I have to admit, sometimes we all get carried away with exercise selection that we overlook some of the most basic, yet highly effective exercises. I know I fall victim to this at times!
Strengthening the gluteus medius is often an important part of our rehabilitation and performance programs. Like I always preach regarding both shoulder rehabilitation and core exercises , there is a difference between the role and function of a muscle. The gluteus medius has more than just a role to abduct and rotate the leg, it has a function to dynamically stabilize the pelvis and lower extremity.
But realistically, weak muscles can’t stabilize, so we still need to focus on exercises to work on activating and strengthing the gluteus medius in addition to working on dynamic stabiliztion.
All of these exercises discussed are great, but there is a very simple exercise that is really effective for strengthening the gluteus medius.
A Simple and Effective Gluteus Medius Exercise
OK, get ready for this… the simple and effective exercise for the gluteus medius is… sidelying hip abduction! I know what you are think, wow that is really boring. I agree, it is boring! But it is effective. There are many other gluteus medius exercises that work well and have other qualities that make them important to consider, but it is hard to argue about sidelying hip abduction.
Here is a good video demonstration. Note that the leg is straight, the hip is not flexed or rotated, that is key:
Some of the past articles that I reference in the links above have stated that sidelying hip abduction has great EMG activity of the gluteus medius. A new study in the Journal of Athletic Training agrees with these past studies. The authors concluded that simple hip abduction straight leg raise was superior at eliciting gluteus medius EMG to the clamshell exercise and externally rotating the leg during the abduction straight leg raise.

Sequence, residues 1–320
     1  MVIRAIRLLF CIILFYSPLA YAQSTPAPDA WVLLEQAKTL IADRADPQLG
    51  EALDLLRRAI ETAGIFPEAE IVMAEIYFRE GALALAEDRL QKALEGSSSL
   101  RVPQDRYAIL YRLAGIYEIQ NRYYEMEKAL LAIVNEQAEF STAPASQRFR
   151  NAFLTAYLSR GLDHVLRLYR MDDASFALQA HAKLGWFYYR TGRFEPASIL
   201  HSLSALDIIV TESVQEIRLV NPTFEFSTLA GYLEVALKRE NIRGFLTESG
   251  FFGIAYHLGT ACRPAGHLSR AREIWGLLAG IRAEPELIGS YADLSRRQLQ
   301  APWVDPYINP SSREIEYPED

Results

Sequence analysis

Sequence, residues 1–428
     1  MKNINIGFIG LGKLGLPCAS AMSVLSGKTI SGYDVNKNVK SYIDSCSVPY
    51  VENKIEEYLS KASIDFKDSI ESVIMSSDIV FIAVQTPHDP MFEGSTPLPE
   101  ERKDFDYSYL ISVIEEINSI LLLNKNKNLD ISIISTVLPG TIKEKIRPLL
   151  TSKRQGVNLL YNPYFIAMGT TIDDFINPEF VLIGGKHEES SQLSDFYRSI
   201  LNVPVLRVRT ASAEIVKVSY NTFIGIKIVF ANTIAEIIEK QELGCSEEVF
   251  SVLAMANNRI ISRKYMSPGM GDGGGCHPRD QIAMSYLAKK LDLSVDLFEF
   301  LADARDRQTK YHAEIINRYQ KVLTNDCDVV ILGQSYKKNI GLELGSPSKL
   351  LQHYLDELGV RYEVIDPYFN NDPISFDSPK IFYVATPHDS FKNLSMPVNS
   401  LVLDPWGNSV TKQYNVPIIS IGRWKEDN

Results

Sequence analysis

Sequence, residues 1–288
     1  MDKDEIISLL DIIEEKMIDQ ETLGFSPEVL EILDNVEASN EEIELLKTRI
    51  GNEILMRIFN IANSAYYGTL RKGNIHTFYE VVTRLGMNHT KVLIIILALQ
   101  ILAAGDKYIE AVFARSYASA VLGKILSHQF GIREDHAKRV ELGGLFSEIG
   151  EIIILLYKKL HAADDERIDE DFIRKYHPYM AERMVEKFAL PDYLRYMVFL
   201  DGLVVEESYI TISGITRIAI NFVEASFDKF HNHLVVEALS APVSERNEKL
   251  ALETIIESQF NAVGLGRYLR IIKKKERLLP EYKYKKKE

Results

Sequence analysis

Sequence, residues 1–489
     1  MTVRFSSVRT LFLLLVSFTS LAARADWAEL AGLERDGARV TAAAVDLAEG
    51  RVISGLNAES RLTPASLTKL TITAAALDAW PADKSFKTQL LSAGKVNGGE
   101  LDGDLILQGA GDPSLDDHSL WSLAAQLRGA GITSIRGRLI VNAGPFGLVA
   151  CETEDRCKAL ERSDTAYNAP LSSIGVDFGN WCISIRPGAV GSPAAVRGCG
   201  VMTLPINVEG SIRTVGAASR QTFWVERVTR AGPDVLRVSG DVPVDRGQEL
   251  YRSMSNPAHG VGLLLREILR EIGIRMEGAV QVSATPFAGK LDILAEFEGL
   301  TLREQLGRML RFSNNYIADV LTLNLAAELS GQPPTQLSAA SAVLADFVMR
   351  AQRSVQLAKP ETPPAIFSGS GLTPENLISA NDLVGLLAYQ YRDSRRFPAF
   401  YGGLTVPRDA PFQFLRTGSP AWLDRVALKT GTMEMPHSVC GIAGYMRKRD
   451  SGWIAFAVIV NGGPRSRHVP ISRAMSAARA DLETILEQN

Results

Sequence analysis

The study also notes that the sidelying hip abduction exercise does a better job at enhancing the ratio of activity of gluteus medius and TFL.
Reducing the TFL component to hip exercises is often desired especially in those with anterior pelvic tilt, who tend to exhibit too much TFL activity and compensatory contraction to rotate the hip internally. This is one of the reasons that sidelying hip abduction is probably even better than band walking for the gluteus medius because people tend to flex their hips while band walking, firing their TFL
There are two take home messages here for me:
Sometimes taking a step back and performing a simple, or “boring” exercise may be indicated.
The sidelying hip abduction straight leg raise should be included in many of our patients’ and clients’ programs, especially when trying to maximize the gluteus medius to TFL ratio of muscle activity. This would be something I would add to an active warm-up or corrective exercise component to a program, much like the clamshell exercise.